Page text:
Some web frameworks require to explicitly specify the resource paths and map them to controller classes/functions/code. This is fine for a small set of resources but tedious for complex applications.
Civilian uses a more implicit approach: It scans the controller classes of an application and builds the resource tree using naming conventions and annotations within the controllers.

Before we explain how this works we complicate things a little bit and introduce path parameters.

Path parameters

From the applications perspective, it is tempting to interpret an URL as function, a request as function call, and request parameters as function arguments. For example in the following URL the id parameter could contain a database id for a customer entity, and the sample request would therefore return a HTML page showing data of customer 1345:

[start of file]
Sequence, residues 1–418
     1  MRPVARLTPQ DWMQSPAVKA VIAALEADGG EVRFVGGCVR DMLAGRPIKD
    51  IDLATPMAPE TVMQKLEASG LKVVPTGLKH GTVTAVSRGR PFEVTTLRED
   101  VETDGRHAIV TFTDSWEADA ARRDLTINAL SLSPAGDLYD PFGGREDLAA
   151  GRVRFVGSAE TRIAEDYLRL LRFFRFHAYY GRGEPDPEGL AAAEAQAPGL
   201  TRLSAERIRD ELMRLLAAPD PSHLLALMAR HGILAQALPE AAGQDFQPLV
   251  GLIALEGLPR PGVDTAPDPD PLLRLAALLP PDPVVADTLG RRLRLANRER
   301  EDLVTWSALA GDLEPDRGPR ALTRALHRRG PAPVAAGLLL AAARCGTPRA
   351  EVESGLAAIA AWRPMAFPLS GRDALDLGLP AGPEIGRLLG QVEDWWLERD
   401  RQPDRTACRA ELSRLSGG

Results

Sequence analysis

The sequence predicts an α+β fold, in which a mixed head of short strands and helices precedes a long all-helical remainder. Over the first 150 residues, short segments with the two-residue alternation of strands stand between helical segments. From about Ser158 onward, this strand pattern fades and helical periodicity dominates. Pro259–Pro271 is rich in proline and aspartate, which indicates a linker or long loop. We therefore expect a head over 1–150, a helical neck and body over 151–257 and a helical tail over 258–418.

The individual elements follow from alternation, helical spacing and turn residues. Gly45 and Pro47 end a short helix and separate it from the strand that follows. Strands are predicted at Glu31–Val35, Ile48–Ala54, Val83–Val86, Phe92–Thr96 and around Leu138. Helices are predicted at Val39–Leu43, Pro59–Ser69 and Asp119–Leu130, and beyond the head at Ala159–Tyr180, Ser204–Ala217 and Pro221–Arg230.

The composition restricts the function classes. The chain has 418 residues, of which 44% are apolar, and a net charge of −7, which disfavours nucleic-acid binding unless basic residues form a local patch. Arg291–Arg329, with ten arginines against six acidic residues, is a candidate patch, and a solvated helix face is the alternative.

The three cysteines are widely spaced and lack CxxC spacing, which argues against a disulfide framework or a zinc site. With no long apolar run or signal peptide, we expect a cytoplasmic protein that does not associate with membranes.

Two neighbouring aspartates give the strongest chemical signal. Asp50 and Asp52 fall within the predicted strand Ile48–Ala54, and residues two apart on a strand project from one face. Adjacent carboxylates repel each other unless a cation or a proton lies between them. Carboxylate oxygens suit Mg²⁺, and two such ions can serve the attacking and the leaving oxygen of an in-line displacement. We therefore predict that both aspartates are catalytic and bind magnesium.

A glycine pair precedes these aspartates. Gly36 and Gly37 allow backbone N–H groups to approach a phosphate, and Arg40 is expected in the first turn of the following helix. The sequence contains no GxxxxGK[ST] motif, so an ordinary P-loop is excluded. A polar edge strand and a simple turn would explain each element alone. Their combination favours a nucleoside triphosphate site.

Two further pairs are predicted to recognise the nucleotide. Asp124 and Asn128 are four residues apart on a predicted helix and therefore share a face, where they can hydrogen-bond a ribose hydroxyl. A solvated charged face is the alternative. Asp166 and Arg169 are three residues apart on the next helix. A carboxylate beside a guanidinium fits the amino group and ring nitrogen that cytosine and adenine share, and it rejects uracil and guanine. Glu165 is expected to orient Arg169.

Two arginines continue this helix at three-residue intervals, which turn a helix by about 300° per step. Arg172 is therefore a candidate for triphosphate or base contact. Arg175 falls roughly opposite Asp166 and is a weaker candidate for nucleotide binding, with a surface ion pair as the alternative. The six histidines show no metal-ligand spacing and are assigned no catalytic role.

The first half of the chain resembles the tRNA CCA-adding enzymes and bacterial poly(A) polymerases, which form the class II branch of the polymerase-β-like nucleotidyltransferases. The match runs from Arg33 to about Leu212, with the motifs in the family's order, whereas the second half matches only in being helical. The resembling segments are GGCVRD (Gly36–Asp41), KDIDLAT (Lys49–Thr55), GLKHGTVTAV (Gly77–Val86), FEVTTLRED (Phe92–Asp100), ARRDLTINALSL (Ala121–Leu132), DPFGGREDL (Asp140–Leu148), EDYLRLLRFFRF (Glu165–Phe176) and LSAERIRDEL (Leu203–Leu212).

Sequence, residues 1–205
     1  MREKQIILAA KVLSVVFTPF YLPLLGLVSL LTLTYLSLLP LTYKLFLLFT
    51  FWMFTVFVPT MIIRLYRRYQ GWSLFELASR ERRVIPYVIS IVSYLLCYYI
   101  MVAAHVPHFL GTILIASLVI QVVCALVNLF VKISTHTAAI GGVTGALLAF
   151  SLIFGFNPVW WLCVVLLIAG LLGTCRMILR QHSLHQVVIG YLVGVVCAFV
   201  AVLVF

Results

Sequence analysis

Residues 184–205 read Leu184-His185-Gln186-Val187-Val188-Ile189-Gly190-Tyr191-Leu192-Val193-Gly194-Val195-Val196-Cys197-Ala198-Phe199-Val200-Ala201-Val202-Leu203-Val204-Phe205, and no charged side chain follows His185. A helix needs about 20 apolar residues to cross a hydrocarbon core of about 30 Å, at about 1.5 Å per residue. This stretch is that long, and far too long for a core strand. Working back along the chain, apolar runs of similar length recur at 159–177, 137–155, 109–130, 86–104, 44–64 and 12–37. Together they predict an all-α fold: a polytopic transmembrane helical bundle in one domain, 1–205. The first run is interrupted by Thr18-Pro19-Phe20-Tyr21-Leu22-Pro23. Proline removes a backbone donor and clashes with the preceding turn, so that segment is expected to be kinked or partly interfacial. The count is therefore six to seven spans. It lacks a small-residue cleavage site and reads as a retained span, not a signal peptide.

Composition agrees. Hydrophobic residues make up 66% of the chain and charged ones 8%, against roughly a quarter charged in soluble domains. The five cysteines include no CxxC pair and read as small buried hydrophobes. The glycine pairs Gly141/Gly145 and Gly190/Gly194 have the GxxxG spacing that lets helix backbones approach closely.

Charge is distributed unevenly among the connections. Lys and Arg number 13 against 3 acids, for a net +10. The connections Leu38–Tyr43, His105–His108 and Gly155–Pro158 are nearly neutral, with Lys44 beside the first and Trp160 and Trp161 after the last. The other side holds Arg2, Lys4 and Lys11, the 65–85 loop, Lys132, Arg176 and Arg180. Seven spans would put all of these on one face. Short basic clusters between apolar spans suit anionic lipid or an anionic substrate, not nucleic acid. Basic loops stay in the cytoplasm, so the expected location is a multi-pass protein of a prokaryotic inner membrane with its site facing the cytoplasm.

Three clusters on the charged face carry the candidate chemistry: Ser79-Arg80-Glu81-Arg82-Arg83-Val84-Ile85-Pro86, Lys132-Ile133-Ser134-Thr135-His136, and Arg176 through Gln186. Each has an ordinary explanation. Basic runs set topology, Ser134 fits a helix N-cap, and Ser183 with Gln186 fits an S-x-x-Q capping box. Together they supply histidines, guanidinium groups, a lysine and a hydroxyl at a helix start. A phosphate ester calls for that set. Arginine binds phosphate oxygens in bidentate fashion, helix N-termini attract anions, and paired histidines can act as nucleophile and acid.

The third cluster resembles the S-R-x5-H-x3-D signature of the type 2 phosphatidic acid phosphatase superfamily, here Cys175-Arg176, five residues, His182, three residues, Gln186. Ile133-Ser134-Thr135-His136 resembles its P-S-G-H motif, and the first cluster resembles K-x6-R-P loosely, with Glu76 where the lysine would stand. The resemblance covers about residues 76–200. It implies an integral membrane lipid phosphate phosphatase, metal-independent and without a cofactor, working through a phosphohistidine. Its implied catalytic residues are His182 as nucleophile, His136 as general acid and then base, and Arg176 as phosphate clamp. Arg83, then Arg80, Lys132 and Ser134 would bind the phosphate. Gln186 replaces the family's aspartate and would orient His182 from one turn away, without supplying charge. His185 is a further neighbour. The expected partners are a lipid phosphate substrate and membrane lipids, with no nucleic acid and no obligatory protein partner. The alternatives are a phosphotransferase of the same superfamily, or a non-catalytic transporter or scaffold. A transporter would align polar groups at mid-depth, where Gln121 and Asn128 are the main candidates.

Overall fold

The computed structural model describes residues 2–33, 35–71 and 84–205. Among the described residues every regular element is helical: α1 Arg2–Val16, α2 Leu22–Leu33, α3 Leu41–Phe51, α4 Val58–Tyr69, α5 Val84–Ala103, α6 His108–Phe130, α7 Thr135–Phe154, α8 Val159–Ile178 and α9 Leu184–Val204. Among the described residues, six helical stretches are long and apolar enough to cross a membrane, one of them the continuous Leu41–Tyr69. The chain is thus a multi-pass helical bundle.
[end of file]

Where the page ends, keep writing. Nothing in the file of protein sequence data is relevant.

https://example.org/crm/customers/show.html?id=1345
Contrary to that view the concept of semantic or clean URLs demands a different style of URL design: URLs identify resources and should not contain technical parameters which are instead expressed in a RESTful way:
  • Customer 1345 receives an own URL (which is different from customer 1346), therefore the parameter id is made part of the request path.
  • The URL segment /show is dropped. Instead the HTTP method "GET" is used to tell the server that we intend to retrieve readonly information.
  • The path extension .html is dropped. Instead the HTTP Accept header is used to request a specific content-type.
GET /crm/customers/1345
Accept: text/html

Accordingly, updating customer 1346, by sending JSON data, might be done with

PUT /crm/customers/1346
Content-Type: application/json